Lots of you have been emailing us your queries about the Fortitude 29er bikes, what price are they going to be? when are they going to be in the shops? what sizes we will be doing? Well everything is now confirmed for these bikes and our orders were placed a couple of weeks ago.

We really appreciate that lots of people are interested so I’ve tried to talk through some of the key points below, hopefully it’s enough info to keep you all lusting.

If you want to know why we’ve chosen this style of bike as our first 29er then read here first: http://www.genesisbikes.co.uk/bikes/prototypes/29er-prototype/29er-prototype

 

Frame material: Classy Reynolds 725 frameset with double butted chromo fork. 

 

Are we using a bent seat tube? :  Well,  we paid some money for tooling and decided a better solution to the usual wheelbase/seat angle issue for 29ers, was to shape (and effectively externally butt) the seat tube to still allow a tight wheelbase plus the desired seat angle, while giving a nicer look to the frame and ensuring straight tubes throughout.

 

EBB or no EBB? :   We’re not using them and here’s why.

The first key question I asked myself is "do we need the Fortitude frame to be able to run both singlespeed and geared?" I believe the answer to that is no. Sure there will be always be someone who may want to convert  their geared ride into a singlespeed for a couple of months, but the vast majority of riders know what they want. If they want a singlespeed then they want a frame that is dedicated to running only one gear. Make something do one thing really well.

So then the question becomes "what is the best way of tensioning the chain on a singlespeed or Alfine geared frame?" In the prototype stages we played with an eccentric bottom bracket design and I personally found it be fiddly and basically overcomplicated for its main purpose of tensioning the chain. I understand that people like the clean aesthetic they give to a singlespeed, but aesthetics should never dictate a bike design, they’re important but not more so than function. For me the most important thing is adjustability and reliability. Don’t get me wrong, not once did the eccentric bb's break, but I found the simple process of  tensioning  the chain to be difficult on occasion (not always), often involving a couple of whacks with a rubber mallet to get it moving. Fine for a home service, but more painful if you have to tension the chain while out riding or lost in the woods. I know with a horizontal dropout I can grab a set of allen keys, loosen the wheel, drag the wheel back, maybe re-adjust the brake calliper slightly if I have to and then it’s done. I understand that certain EBB designs are better than others and if you want something reasonably lightweight then you have to pay for it which in turn bumps up the bike/frame prices.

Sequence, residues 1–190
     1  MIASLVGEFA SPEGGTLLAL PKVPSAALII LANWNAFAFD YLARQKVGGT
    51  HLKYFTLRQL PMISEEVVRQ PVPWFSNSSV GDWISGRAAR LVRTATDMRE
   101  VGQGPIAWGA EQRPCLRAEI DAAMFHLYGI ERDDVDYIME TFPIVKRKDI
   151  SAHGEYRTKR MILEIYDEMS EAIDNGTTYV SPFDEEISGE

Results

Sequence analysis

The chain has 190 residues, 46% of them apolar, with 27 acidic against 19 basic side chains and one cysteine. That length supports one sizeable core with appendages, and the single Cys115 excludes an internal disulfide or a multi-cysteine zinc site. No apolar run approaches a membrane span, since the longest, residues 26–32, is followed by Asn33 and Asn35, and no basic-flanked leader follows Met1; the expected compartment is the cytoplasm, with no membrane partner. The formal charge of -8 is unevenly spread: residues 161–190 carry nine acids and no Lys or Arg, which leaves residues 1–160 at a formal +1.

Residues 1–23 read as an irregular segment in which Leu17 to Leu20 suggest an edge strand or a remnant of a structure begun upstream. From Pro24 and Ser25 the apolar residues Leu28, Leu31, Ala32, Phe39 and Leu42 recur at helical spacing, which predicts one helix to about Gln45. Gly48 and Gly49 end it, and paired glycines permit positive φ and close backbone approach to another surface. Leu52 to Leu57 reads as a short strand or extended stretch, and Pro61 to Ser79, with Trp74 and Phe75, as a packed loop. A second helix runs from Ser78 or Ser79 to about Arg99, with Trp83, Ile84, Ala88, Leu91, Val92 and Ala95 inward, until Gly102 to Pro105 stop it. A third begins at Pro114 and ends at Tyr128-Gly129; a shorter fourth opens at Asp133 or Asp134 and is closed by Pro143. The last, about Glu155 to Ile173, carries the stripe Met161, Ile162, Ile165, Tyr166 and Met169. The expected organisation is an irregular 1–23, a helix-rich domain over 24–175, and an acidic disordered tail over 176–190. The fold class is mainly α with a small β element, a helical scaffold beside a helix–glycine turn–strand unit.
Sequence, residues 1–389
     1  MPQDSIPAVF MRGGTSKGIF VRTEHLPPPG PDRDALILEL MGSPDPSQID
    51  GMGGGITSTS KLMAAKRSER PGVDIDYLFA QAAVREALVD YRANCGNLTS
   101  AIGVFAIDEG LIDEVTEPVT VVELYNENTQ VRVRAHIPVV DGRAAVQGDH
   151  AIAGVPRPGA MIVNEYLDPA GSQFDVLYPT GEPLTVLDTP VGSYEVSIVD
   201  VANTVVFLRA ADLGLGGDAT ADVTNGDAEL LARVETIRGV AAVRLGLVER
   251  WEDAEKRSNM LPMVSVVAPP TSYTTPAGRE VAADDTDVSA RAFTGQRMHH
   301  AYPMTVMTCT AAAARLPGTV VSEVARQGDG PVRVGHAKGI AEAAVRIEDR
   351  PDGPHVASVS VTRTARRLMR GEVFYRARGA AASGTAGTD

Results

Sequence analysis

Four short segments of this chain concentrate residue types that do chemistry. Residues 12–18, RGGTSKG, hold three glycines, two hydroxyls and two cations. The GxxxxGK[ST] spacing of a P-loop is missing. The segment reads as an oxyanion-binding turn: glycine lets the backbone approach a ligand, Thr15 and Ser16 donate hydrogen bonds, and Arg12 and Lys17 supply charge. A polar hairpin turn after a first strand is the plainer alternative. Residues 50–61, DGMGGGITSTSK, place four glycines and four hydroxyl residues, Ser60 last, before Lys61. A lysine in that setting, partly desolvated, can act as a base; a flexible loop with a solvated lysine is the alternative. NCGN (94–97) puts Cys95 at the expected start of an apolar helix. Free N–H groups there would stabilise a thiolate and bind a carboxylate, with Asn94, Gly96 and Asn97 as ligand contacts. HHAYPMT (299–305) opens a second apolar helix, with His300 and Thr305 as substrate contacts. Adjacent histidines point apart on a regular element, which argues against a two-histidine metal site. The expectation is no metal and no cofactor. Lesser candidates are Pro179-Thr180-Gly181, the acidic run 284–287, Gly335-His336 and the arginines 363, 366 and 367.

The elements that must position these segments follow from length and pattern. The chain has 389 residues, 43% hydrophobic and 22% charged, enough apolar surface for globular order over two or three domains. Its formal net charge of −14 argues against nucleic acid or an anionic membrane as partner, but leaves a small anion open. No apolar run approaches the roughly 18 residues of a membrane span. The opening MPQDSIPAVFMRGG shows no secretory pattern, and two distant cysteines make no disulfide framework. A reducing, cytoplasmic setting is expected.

I’ve listened to all the arguments for and against and certain riders swear by them but after several months of riding and studying them I’ve been left un-convinced. A horizontal dropout is far simpler and you can see exactly what’s going on, it’s the most utilitarian solution to chain tension on a single speed bicycle. We’ve always used horizontal dropouts on our IO, IO ID and Day 1 Alfine bikes and we have never once seen one break or had people complain about them. They’re tested and proven over several model years so that says it all. The most recent example of this is when Will Snow rode the 2745 mile US Tour Divide route on an IO ID and not once did he have a mechanical issue.

Like with anything in life, if you get years of faultless service from a product  then I believe you almost owe it to that product/brand to buy/spec it again. There is always something new which claims to be the best but reliability, durability and quality can only really be truly proven with time and our disc equipped horizontal dropouts have proven themselves year on year. It is for that reason I have chosen to use them again on the Singlespeed and Adventure model Fortitudes. The Race model will use a traditional replacable gear hanger, the same we use on the Latitude and Alpitude bikes.